Does this mean that we should not celebrate the birth of Christ in the worship of God? No. By all means, the church should celebrate the birth of Christ whenever it gathers for worship. In fact, we should celebrate the Incarnation in April or even August! We should not, however, celebrate the birth of Christ to the exclusion of other important events in redemptive history, the Crucifixion, Resurrection, Pentecost, or the Second Coming of Christ. Moreover, that much of the world is talking about the birth of Christ is an opportunity for the Church to speak and sing the truth and proclaim the Gospel. This is why Calvin would break from whatever book of the Bible he was preaching from to preach a message on the birth of Christ. This is also why the Swiss Reformed churches approved the celebration of Christ�s birth, Circumcision, Passion, Resurrection, and Ascension (see the Second Helvetic Confession, art. 24). This, however, does not mean that the Church should celebrate Christmas in the same way that the world does. God has commanded that we read the Word, sing psalms and hymns, pray, hear the preaching of the Word, and make use of the sacraments. He has not authorized that we bring in Christmas trees, or associate the birth of His Son with a benevolent magician or a patron saint of the Roman Catholic Church. This means that when the Church celebrates the birth of Christ, it should do so adorned only by those things that God has commanded�Word and sacrament. What about the individual believer?

Should the individual believer celebrate Christmas? The individual believer, like the Church gathered in worship, should feel free to celebrate the birth of Christ on any day of the year, including December 25th. Now, while the Christian has more latitude in the private worship of God in comparison to the Church gathered for worship (i.e., a person can pray in his underwear in private, whereas this would be totally inappropriate in public worship!), this does not mean that the Christian can throw caution to the wind and celebrate Christmas in any manner he chooses. The Christian should always beware of mixing the worship of Christ with pagan or cultural practices (syncretism). If we decided, for example, that we are going to celebrate the birth of Christ, what does a patron saint or benevolent magician have to do with His incarnation? What has St. Nicholas to do with Christ? On the other hand, it is appropriate to exchange gifts as an act of gratitude to recall the mercy that has been shown to us in the gift of Christ. If a family wishes to have a Christmas tree as a seasonal decoration, much like using a flag to celebrate the 4th of July, it is within the bounds of Christian liberty to do so. We should always be careful, however, to ensure that our celebration of Christ isn't overshadowed by other things; otherwise, we are no longer celebrating the birth of Christ.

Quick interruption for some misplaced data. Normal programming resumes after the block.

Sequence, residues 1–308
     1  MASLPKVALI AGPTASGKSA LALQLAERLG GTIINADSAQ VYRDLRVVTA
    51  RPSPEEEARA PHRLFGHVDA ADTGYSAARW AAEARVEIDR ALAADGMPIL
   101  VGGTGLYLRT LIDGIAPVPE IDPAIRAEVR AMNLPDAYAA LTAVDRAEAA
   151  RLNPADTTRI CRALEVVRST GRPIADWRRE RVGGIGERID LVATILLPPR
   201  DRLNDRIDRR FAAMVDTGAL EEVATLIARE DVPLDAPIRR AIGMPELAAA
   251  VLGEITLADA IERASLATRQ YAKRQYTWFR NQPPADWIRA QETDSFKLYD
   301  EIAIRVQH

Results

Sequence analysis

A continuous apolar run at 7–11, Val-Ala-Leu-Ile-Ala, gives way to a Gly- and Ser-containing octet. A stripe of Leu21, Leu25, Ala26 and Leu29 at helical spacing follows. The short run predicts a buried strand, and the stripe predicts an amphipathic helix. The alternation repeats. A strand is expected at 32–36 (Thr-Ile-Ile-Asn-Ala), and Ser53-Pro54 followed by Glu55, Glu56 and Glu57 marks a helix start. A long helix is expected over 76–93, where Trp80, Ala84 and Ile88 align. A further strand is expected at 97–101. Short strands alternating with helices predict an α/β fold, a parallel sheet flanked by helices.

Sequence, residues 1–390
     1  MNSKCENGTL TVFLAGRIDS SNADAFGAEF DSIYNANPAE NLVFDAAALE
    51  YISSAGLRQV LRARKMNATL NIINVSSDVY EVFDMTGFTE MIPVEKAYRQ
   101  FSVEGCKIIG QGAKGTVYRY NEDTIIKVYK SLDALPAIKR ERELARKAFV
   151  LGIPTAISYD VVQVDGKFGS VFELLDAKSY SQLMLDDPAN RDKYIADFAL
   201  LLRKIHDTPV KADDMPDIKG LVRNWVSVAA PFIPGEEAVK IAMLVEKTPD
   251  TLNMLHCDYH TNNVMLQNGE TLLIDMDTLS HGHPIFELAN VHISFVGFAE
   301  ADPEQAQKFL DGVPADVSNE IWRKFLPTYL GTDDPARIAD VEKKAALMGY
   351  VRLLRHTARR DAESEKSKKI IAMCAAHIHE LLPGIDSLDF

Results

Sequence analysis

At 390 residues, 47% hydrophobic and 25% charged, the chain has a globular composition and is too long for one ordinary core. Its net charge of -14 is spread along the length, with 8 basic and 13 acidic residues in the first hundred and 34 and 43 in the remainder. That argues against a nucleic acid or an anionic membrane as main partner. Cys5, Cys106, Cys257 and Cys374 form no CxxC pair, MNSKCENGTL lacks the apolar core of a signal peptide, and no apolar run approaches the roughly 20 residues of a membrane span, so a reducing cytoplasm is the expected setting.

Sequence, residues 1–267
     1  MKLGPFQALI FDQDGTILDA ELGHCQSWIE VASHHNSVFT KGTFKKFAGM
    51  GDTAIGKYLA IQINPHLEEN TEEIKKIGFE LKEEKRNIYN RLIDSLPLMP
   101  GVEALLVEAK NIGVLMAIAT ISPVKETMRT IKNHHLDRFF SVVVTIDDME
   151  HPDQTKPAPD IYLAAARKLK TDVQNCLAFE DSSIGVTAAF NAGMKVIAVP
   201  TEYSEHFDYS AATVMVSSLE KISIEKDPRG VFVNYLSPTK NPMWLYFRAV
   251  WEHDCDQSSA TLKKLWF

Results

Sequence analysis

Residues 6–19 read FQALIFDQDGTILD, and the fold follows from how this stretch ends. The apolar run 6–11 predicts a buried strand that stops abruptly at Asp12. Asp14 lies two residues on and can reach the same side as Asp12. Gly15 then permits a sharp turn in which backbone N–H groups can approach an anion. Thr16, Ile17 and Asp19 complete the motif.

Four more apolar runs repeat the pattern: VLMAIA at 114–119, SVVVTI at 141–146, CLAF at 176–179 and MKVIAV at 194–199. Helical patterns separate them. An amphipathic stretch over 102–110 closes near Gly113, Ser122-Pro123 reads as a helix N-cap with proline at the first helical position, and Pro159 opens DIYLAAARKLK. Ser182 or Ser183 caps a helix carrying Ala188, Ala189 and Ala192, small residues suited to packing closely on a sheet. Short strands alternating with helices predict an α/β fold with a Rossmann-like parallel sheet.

So, should we celebrate Christmas? The answer is Yes, though we should always do so carefully so that we do not introduce foreign elements into the public worship of God and so we don't allow our personal celebration to be eclipsed by other things.

PDF version: Should we celebrate Christmas?

 

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Just what does...

The Means of Grace

...mean, anyway?

One remarkable truth much neglected by Christians is known as the means of grace. By this we mean the outward ways through which God grants grace to the Christian. The means are like channels or avenues – designated paths by which God provides strengthening grace to his people.

The three means of grace are the Word (the Bible), the Sacraments (the Lord’s Supper and baptism) and prayer.

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Word: The Bible is the very word of God that he has given to his people. Scripture tells us that the Word of God is inspired (2 Timothy 3:16) – that is, the original documents of Scripture come to us as the very will of God, without error or confusion.
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Sacraments: Perhaps you are not familiar with idea of sacraments. You may have heard baptism or the Lord’s Supper referred to instead as "ordinances." How can it be that either baptism and the Lord’s Supper be means by which God grants the Christian to grow in grace?
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Prayer: In prayer, we draw close to God and praise, thank and bless him for who he is, and offer to him prayers concerning our needs. We pray, just as we read the Word and take the Sacraments, in faith. Without faith, none of these means of grace is effective.